ARRA projects did achieve notable progress in Smart Grid acceptance and deployments. The industry’s challenge now is to continue the grid modernization movement by scaling the deployments to more markets and connecting the various components together to fully enable smart and interactive services.

This will require substantial financial investments, representing hundreds of billions of dollars in modernization costs between now and 2030, because the industry still operates with many infrastructure components and systems that should have been replaced years ago. Much of this infrastructure must be upgraded as the industry moves to Smart Grid.

How should regulators respond to help facilitate grid modernization?

While the industry must unleash the needed funding to pave the way for modernization of the grid, the regulatory environment, was generally designed for least-cost decision-making. The framework often is challenged to consider all of the value streams introduced by Smart Grid investments and can stand in the way of this work.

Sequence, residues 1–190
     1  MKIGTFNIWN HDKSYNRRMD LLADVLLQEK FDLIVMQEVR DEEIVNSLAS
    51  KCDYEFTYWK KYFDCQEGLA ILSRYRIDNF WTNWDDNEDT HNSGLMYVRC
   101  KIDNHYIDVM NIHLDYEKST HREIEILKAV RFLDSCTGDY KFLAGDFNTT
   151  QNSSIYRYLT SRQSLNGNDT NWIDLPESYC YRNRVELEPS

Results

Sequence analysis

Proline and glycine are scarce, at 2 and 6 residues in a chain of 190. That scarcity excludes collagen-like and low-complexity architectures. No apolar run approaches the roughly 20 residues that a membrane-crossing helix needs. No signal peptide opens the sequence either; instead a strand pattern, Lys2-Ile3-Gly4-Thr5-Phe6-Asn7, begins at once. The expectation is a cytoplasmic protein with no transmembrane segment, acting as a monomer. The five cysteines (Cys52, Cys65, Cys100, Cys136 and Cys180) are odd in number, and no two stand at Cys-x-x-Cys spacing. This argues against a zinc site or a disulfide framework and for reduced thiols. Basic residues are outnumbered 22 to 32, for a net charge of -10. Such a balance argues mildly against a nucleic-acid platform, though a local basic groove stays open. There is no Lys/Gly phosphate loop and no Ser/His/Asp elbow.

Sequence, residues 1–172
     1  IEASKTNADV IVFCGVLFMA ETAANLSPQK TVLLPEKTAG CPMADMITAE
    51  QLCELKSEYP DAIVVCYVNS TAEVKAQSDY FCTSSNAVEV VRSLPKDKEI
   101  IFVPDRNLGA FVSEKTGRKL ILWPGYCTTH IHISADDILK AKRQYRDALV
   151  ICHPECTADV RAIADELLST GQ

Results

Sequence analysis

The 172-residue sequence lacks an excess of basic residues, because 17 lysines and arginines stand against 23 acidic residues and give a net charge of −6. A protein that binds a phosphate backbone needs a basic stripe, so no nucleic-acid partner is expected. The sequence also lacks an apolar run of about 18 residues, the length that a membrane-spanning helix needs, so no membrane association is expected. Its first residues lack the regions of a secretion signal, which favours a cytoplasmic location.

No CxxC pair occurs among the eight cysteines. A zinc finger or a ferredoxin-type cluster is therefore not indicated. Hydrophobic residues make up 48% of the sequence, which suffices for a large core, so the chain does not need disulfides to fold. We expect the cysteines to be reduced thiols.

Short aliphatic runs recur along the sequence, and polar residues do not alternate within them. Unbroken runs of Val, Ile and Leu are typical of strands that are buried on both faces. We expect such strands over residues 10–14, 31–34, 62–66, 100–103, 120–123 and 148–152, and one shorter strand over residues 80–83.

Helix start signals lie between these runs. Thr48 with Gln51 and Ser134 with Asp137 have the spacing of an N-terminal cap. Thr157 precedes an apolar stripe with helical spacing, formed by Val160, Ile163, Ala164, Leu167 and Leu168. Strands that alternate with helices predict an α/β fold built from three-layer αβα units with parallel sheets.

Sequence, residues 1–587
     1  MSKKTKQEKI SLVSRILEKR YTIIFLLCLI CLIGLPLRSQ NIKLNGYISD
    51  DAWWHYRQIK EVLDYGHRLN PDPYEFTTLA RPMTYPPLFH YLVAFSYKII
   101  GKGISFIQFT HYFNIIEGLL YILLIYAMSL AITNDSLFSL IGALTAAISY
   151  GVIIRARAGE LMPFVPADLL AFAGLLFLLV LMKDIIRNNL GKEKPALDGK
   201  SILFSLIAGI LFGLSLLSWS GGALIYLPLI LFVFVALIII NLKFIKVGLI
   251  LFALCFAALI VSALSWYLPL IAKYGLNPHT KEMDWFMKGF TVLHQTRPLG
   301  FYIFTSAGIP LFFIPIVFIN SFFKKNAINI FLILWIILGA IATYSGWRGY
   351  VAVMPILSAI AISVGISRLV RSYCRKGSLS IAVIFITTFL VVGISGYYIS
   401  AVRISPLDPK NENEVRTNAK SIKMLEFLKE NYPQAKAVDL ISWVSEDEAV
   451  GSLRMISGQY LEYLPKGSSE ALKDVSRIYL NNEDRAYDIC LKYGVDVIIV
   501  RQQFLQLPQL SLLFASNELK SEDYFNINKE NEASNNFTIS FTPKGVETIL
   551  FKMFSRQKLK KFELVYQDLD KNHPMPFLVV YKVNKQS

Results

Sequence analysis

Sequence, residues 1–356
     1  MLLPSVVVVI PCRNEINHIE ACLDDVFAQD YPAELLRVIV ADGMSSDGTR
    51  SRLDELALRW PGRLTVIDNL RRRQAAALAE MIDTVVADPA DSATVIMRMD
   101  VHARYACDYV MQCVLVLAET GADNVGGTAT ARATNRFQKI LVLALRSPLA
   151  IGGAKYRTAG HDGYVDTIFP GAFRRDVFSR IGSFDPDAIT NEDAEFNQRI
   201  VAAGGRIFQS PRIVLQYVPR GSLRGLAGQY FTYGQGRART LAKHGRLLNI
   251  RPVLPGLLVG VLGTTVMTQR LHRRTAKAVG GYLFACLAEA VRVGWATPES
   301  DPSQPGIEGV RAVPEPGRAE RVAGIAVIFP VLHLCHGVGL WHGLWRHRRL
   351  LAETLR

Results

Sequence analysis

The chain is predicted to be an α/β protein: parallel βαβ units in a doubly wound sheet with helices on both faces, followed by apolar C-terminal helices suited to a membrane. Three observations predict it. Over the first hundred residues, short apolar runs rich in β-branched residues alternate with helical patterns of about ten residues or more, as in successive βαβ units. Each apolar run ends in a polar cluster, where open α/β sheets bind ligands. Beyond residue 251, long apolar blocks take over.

For example, the economic benefits expected from consumers’ adaptation to Smart Grid technologies and participation are achievable only if market reforms are adopted to empower consumers to benefit from their actions and realize revenue from grid services.

Furthermore, the least-cost framework that has traditionally formed the basis of utility investment regulations is a barrier to many Smart Grid innovations. As the industry moves to Smart Grid, least-cost policies will become less relevant and regulations will have to adjust to encapsulate the overall value of Smart Grid technology or services. Elements such as the environmental benefits, loss avoidance, increased system utilization and consumer costs avoided as a result of mitigating outages need to be factored into the analysis to support related electrical system investments.